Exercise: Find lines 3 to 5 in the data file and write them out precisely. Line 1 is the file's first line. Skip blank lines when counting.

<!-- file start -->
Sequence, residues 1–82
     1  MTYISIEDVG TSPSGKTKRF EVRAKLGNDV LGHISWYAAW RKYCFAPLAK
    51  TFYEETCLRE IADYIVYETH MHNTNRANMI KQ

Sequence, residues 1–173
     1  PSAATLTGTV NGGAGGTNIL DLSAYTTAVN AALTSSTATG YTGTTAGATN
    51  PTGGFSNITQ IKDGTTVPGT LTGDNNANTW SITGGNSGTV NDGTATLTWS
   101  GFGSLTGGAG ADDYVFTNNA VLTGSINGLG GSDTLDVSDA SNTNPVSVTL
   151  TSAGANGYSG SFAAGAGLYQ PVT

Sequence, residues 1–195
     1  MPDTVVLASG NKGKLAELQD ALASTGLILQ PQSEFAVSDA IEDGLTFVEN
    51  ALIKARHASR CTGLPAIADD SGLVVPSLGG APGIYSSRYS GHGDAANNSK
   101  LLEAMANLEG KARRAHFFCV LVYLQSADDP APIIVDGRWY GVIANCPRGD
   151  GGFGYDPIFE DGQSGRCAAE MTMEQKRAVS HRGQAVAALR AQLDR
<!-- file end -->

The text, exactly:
    51  TFYEETCLRE IADYIVYETH MHNTNRANMI KQ

Sequence, residues 1–173
     1  PSAATLTGTV NGGAGGTNIL DLSAYTTAVN AALTSSTATG YTGTTAGATN